The death of trans fats appears to be nearing. The United States Food and Drug Administration (FDA) has officially announced plans to phase out this type of unhealthy fat from all processed foods.
The FDA, which made the announcement on Tuesday, says trans fats need to be eliminated from all foods because they raise levels of low-density lipoprotein, or LDL, popularly known as “bad” cholesterol. Trans fats are also thought to lower “good” cholesterol.
Backing up the FDA on this one is the Institute of Medicine, which has concluded that there’s nothing safe about the consumption of trans fats.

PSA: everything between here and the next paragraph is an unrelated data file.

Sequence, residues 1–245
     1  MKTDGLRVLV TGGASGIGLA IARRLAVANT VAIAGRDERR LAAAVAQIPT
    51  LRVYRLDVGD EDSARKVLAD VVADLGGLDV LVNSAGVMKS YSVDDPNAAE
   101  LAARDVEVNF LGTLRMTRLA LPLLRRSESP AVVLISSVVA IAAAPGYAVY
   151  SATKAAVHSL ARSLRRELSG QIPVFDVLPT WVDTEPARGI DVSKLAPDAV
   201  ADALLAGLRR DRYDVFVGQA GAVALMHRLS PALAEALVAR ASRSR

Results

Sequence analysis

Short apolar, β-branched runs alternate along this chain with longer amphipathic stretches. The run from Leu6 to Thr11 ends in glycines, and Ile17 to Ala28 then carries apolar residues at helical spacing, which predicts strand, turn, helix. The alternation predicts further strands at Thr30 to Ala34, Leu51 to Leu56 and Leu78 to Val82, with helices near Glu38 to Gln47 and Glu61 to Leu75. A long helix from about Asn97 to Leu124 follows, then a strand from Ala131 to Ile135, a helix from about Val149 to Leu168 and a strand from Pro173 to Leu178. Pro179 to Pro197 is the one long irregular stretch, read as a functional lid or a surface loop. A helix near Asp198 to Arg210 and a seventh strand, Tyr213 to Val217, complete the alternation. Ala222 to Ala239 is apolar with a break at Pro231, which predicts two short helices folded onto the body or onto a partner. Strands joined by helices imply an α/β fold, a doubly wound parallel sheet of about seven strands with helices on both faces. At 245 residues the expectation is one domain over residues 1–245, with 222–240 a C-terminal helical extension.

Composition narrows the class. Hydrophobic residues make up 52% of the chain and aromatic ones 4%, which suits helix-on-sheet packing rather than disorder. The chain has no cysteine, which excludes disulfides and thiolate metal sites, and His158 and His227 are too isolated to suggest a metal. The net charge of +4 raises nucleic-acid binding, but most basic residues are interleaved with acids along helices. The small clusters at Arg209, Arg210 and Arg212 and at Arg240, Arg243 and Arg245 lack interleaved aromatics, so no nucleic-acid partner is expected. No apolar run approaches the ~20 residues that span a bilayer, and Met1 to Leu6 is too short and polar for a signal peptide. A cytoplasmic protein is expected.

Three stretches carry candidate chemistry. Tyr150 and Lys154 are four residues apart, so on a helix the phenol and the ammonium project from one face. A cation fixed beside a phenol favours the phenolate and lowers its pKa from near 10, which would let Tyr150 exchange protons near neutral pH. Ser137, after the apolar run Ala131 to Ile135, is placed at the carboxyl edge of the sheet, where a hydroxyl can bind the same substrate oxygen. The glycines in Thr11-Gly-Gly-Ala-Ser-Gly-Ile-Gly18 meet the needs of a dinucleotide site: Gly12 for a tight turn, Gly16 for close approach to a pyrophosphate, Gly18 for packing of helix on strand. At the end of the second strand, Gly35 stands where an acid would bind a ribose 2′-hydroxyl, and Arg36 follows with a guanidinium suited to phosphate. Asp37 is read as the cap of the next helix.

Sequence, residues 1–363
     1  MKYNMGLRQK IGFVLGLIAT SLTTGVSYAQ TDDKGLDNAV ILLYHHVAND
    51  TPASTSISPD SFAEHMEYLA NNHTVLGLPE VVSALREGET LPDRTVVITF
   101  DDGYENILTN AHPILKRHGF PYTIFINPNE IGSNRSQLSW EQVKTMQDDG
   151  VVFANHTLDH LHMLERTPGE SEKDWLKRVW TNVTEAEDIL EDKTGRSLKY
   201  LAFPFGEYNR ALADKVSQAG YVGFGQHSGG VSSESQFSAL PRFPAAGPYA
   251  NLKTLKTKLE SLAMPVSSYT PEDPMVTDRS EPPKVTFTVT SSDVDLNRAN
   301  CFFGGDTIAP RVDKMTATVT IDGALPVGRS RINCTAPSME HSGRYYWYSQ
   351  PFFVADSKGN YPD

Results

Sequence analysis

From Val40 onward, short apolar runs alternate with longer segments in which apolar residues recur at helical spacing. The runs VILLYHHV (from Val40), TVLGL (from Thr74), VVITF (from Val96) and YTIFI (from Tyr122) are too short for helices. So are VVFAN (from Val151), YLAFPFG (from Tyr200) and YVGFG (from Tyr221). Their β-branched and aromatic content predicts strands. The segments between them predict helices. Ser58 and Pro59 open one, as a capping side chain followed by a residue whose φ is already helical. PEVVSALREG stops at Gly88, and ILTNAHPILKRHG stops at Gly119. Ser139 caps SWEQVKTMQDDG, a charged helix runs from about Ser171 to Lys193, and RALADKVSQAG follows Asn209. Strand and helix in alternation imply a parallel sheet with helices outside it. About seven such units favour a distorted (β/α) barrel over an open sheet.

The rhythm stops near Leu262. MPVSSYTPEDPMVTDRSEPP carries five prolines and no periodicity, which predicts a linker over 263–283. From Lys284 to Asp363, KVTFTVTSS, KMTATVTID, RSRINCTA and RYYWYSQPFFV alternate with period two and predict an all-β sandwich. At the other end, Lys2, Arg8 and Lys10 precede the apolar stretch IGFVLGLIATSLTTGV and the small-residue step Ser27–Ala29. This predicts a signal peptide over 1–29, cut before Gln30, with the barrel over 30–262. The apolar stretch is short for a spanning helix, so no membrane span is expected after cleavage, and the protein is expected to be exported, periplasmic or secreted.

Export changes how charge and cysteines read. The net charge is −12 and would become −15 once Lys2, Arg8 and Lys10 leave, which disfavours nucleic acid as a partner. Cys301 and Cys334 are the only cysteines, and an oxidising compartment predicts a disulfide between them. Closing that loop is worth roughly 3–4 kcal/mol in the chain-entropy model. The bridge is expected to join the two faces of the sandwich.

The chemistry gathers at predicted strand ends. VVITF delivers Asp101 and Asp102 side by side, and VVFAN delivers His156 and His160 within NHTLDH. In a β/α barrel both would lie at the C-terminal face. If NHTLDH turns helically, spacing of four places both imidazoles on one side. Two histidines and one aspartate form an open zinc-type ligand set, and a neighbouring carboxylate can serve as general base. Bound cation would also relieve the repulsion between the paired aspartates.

The good news is that many food companies are already in the process of taking trans fats out of their products. The FDA says that between 2003 and 2012 the amount of trans fats consumed by Americans went down by approximately 78-percent, with most food companies turning to other types of oils.
Wanda Beaver, a Toronto, Canada-based baker, says getting rid of trans fats wasn’t all that difficult. “What we replaced it with is pretty benign,” said Beaver. “It’s canola or soy.”
Still, there are a number of firms that continue to market products with trans fats, and for the FDA that represents “a public health concern.”
Under the new rules, food manufacturers will have a three-year period to phase out all trans fats from their foods. This type of fat is still commonly found in baked goods (i.e., pie crusts and biscuits), frozen foods, coffee creamers, vegetable shortenings, and margarine.